I would never have noticed the hairs on the stem of this lobelia had I not taken the time to observe every part of it.

Listen to it. Yes, there are sounds associated with plants. I recorded the wind through these acacia trees when I visited Abu Dhabi recently. It’s a sound I’ll never forget and could have easily been overlooked. Aside from the sound of the seed pods rattling, you’ll hear the wind and doves too.

In nature, everything is multi-layered.

What about the colors and smells. Some things seem fairly uniform in color. Then as I’m preparing to capture it in a sketch, I notice how many different shades of green are on one leaf that at first looked like a simple solid color.

Observe nature and notice the many colors in something that seems one color at first, like the leaves of this ground cherry plant in flower and fruit

On the day I made that sketch, I was in a bit of a rush. I didn’t want to attempt something that would take more than a few minutes. So I saw that plant and thought it looked easy enough, all a fairly uniform shade of green. And then I began the sketch and the game changed. I began to see the details that at first went unnoticed.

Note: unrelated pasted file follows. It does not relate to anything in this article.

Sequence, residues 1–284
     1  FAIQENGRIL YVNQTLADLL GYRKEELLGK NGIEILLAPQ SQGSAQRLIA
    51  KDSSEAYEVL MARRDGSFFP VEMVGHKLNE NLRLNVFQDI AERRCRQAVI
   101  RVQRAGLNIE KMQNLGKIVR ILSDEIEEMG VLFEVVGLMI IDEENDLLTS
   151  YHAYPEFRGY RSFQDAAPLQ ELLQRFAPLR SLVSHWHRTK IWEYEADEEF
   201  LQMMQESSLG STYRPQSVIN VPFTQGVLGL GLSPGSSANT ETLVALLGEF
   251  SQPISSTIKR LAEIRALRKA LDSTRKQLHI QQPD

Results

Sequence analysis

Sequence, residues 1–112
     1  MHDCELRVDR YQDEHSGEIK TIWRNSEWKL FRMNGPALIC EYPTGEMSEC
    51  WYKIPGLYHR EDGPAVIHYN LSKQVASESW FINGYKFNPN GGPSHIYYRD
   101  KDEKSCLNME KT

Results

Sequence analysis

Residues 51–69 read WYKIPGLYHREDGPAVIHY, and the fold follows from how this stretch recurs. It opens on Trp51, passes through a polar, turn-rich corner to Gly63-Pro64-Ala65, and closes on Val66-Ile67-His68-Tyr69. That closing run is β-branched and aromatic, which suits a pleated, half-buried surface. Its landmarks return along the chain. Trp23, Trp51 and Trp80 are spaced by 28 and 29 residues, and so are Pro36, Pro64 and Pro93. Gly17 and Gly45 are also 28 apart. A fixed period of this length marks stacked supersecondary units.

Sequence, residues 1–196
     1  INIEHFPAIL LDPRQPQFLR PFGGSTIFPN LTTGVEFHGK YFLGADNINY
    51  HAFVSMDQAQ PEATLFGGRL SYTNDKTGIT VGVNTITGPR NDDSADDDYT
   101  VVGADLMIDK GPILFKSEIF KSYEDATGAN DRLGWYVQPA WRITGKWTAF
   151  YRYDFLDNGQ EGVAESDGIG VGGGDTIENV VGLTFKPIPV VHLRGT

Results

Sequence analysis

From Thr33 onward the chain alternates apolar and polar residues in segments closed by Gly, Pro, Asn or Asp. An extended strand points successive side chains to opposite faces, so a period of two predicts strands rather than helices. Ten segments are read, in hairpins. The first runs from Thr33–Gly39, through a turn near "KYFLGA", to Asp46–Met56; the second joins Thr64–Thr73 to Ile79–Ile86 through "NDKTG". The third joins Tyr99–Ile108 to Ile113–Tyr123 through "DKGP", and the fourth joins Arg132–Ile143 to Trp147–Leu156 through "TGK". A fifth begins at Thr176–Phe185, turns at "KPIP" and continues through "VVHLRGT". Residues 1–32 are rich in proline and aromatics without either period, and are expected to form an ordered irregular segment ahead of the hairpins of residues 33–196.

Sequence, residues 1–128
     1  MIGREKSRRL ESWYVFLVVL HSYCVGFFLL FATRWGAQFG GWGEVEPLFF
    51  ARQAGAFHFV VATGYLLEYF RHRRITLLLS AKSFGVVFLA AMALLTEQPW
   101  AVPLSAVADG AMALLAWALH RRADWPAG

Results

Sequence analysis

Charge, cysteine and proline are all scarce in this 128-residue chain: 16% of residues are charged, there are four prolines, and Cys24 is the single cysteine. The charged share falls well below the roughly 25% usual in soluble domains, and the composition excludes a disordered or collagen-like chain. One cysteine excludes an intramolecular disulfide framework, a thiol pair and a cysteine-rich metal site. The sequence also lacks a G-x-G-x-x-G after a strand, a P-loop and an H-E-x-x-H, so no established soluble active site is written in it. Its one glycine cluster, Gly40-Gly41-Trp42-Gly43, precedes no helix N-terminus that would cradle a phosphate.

Same thing happened with this sycamore leaf. One leaf. A simple subject.

colored pencil sketch of a sycamore leaf in fall

Wasn’t so simple after all once I noticed the many little veins and the multitude of colors.

I pay closer attention to all things when I observe nature, not just plants. Similar details abound in every aspect involving every element of nature. This sort of mindfulness offers great opportunity to celebrate and appreciate variety in all of life.

 

A Valentine Gift

These drawings are from my Autumn 2015 Wild Ozark Nature Journal. It’s free for Kindle Feb 14-16. These colorful journal entries are gorgeous when viewed on color e-readers but the text is going to disappoint on phones because the screen is too small. Here’s the link where you can get it. Please leave a review and tell me what you thought of it.



About the voice behind this blog, Madison Woods

I'm a creative old soul living way off the beaten path with my husband in the wild Ozark Mountains. Besides homesteading, growing plants & making crafty things and newsletters, I write books and stories. My rural fantasy fiction, written under the pen name, Ima Erthwitch, usually takes place in a much altered Ozarks.


We are a participant in the Amazon Services LLC Associates Program; an affiliate advertising program designed to provide a means for us to earn fees by linking to Amazon.com and affiliated sites.

Thank you for reading and/or participating in this Wild Ozark community! ~ Madison Woods

Nature Workshop with Madison Woods

nature workshop flierWhat happens at a nature workshop?